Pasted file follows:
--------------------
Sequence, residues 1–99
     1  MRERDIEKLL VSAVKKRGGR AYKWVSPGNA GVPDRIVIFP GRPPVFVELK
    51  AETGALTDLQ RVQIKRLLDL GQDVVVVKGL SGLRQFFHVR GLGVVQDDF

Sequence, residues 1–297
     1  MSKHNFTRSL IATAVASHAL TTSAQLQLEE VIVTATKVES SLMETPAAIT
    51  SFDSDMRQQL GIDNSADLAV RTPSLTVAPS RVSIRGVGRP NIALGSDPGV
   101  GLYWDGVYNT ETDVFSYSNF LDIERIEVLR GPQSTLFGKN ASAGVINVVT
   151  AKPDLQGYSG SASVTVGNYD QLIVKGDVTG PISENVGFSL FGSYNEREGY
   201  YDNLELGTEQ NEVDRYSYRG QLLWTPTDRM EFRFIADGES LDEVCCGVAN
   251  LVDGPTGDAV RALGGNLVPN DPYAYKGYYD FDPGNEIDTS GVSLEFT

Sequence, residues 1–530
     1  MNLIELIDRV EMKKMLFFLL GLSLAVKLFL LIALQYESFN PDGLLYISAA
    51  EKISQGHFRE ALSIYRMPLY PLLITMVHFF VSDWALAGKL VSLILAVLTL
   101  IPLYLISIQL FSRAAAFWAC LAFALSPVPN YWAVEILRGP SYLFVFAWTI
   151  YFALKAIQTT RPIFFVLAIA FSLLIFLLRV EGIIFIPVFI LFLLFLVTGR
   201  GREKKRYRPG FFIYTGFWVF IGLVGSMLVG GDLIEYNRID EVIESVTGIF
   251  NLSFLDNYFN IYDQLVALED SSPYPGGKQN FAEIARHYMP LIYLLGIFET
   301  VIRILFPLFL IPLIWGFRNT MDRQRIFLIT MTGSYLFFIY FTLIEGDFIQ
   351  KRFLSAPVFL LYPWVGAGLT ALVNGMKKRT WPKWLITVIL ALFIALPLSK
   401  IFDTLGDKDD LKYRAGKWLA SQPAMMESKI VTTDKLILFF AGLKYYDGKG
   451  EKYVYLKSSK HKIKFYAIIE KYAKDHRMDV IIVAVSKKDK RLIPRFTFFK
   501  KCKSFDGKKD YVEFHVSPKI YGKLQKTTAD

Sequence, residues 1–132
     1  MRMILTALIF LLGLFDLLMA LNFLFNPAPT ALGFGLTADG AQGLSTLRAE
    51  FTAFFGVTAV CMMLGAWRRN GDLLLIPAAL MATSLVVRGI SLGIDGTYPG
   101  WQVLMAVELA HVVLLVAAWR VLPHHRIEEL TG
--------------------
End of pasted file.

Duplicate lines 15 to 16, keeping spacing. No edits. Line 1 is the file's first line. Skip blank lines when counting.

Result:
   151  YFALKAIQTT RPIFFVLAIA FSLLIFLLRV EGIIFIPVFI LFLLFLVTGR
   201  GREKKRYRPG FFIYTGFWVF IGLVGSMLVG GDLIEYNRID EVIESVTGIF